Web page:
The “Hygiene Hypothesis” – Celiac Disease & Bacteria

KidInDirt You might be surprised to learn about a possible linkage between celiac disease and bacteria, especially because it turns out that more exposure to germs at an early age may actually help prevent celiac disease. There actually is evidence indicating that the increase in sanitary conditions in many areas of the world may be one of the reasons for the rising rates of celiac disease.

This idea even has a title, the “Hygiene Hypothesis,” and it applies to more than celiac disease. Basically, the hypothesis is that the immune systems of very young children need to be stimulated by a certain amount of germs that have been present in the environment over the centuries. This exposure leads the immune system to help learn to distinguish what it needs to attack (bad bacteria) as opposed to what it shouldn’t attack, such as foods containing gluten, parts of the body, and “good bacteria.”

As sanitation improved significantly throughout the 20th century, babies were exposed to fewer bacteria and other infectious agents. The dirt was less “dirty” and children played in it less and under more supervision in many parts of the world. Parents today are much more likely to clean up a child who puts dirt in his mouth and try to stop him from doing it again. Water is freer of germs, and houses are cleaned with a lot of anti-bacterial soap.

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This is not all bad. Diseases like dysentery and parasitic infections are less common in developed countries. However, autoimmune diseases and allergic reactions seem to be increasing.

Studies with information that supports the hygiene hypothesis are accumulating. One in particular stands out. There is an area at the Finnish/Russian border called Karelia that used to be one province, and was arbitrarily split between the two countries, Russia and Finland. The people living on each side are genetically similar and could be expected to have similar rates of celiac disease.

They do not. Those on the Finnish side have the 1% risk now common to most European countries. The Russian Karelians have one fifth the risk, with one in 500 people getting celiac disease.

The Russians now eat more wheat than the Finns, so the difference has nothing to do with exposure to gluten, and as noted, genetics differences are unlikely. However, the people living on the Finnish side have a per capita income 15 times that of the Russians. The Finns have a better diet and more sanitary living conditions. The Russians live like the Finns did half a century ago.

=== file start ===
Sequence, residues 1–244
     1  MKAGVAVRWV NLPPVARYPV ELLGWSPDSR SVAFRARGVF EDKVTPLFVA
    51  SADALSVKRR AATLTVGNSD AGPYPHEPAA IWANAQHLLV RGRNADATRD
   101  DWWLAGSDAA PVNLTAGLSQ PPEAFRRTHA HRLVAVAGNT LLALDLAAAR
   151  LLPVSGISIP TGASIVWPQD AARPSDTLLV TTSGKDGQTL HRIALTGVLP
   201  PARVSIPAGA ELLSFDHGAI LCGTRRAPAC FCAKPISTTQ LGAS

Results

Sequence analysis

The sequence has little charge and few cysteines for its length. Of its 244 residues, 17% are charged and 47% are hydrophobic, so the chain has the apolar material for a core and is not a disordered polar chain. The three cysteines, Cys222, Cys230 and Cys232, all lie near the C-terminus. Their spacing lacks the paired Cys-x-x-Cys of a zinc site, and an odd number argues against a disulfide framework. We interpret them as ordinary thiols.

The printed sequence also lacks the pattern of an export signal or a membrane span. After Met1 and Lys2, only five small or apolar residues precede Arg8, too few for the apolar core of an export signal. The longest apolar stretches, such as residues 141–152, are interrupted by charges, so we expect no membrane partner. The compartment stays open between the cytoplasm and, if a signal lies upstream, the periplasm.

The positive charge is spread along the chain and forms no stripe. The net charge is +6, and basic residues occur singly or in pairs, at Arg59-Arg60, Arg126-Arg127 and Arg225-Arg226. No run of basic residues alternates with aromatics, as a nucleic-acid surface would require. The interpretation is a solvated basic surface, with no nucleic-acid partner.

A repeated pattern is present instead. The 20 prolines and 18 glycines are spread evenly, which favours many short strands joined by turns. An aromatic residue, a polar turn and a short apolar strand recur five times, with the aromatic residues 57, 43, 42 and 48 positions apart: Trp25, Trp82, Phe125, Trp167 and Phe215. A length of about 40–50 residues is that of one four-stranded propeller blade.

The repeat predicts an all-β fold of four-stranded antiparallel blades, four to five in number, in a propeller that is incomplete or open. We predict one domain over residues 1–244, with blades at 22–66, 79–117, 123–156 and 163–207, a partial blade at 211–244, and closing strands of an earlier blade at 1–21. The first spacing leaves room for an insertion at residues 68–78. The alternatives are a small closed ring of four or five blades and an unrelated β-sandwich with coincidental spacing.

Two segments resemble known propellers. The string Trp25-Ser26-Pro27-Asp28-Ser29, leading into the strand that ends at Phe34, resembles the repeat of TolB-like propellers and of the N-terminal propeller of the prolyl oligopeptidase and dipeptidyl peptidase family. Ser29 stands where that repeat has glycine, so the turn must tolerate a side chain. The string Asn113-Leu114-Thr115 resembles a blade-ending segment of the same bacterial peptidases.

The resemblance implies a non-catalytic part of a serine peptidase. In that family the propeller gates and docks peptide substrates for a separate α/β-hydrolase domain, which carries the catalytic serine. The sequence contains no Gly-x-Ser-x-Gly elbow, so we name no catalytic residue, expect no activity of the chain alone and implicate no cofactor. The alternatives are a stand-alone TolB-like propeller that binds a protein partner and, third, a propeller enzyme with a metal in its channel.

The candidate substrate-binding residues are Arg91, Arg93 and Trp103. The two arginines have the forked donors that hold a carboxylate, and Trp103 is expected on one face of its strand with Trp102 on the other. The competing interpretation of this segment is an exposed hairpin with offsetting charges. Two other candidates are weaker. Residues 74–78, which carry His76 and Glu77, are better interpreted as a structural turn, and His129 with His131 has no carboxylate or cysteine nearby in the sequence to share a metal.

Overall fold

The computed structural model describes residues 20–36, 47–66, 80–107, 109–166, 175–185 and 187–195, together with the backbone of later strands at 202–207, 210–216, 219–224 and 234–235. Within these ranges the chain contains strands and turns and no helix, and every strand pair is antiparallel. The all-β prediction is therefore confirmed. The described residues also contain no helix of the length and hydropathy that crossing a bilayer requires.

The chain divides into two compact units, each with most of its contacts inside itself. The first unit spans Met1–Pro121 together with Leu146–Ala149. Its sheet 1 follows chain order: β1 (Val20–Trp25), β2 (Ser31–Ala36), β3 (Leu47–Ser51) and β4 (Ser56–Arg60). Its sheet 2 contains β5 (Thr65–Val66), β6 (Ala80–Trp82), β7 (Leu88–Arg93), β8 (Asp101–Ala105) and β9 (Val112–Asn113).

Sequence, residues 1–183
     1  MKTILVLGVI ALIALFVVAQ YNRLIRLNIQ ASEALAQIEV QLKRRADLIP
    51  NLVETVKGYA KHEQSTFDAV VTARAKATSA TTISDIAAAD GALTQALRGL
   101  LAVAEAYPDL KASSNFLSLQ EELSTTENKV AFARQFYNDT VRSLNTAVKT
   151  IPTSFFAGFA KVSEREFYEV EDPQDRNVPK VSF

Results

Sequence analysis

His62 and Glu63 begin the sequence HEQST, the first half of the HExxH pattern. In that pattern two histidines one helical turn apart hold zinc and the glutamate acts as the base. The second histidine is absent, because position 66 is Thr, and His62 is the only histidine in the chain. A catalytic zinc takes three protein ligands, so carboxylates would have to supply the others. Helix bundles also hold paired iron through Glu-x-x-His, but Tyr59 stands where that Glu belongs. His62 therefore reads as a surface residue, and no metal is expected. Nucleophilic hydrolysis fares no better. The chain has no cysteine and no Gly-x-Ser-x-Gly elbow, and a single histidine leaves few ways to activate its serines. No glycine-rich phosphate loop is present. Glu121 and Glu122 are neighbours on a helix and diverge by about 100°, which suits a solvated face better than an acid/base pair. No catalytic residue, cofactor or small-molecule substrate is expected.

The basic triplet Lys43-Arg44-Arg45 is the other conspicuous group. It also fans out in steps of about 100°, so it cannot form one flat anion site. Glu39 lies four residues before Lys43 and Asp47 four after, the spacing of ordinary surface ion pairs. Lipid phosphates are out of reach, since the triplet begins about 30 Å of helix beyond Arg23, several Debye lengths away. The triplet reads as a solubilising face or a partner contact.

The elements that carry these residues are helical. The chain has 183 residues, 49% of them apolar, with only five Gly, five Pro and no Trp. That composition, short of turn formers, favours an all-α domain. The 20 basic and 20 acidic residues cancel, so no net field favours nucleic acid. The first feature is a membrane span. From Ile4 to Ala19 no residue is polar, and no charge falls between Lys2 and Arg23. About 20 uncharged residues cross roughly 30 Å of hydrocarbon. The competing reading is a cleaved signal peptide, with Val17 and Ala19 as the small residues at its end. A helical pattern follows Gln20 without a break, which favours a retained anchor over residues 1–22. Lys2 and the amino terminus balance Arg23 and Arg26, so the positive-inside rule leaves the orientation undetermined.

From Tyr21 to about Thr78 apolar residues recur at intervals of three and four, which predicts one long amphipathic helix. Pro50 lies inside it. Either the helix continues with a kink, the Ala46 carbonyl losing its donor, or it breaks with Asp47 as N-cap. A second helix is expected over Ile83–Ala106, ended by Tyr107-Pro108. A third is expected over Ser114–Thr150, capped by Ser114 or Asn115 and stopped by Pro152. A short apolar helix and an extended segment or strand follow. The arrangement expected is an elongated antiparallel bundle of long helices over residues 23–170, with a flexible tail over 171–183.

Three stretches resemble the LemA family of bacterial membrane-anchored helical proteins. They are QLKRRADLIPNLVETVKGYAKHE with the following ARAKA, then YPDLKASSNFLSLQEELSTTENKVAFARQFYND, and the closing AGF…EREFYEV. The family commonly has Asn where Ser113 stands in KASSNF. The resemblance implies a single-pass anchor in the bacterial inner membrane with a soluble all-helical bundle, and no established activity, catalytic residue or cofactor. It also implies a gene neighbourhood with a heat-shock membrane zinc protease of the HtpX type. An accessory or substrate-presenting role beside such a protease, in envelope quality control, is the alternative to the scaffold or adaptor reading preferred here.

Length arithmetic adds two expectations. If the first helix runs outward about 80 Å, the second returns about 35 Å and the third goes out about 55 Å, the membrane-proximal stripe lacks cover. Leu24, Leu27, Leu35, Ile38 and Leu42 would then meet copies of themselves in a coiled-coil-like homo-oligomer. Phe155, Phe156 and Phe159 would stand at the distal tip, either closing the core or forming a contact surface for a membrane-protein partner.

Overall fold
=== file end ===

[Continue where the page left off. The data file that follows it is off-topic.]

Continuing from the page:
Researchers speculate that the improved living conditions stop early exposure to many infectious agents that used to be commonplace in the area. There are actually measurably more germs in the drinking water and house dust in the Russian part of Karelia than the Finnish part. Children on the Finnish side have more kinds of bacteria in their intestines.

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If the hygiene hypothesis is correct, it may explain the increased incidence of celiac disease on the Finnish side of Karelia. It might also explain why there is six times less type 1 diabetes, as well as a lower rate of allergies and autoimmune thyroid disease on the Russian side of the border.

In addition to collecting information about this hypothesis, researchers are suggesting some ways to help introduce babies to the right kind of bacteria. This can be done by giving them probiotics, which are active “good” bacteria that have been proven safe and helpful in preventing and treating a number of conditions. One called Bifidobacteria infantis exists naturally in breast milk.

It should be noted that infants who come down with a number of illnesses caused by certain other viruses and bacteria may be at greater risk of celiac disease, if they have the genetic tendency. These are different germs that cause specific diseases as opposed to just stimulating the immune system like “good bacteria.”

A recent study found that giving these bacteria to adults with CD lessened their symptoms. Other research is being done. In the future, infants at risk for celiac disease may be treated with probiotics.

No one wants to turn back the clock on improved sanitation and better diets, but there may be some things that have been lost that need to be returned to the lives of young children to prevent celiac disease as well as other autoimmune disorders.

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Velasquez-Manoff M. The New York Times Sunday Review. February 23, 2013.
Smecuol E, Hwang HJ, Sugai E, et al. Exploratory, randomized, double-blind, placebo-controlled study on the effects of Bifidobacterium infantis natren life start strain super strain in active celiac disease. Journal of Clinical Gastroenterology. 2013 Feb; 47(2):139-47.

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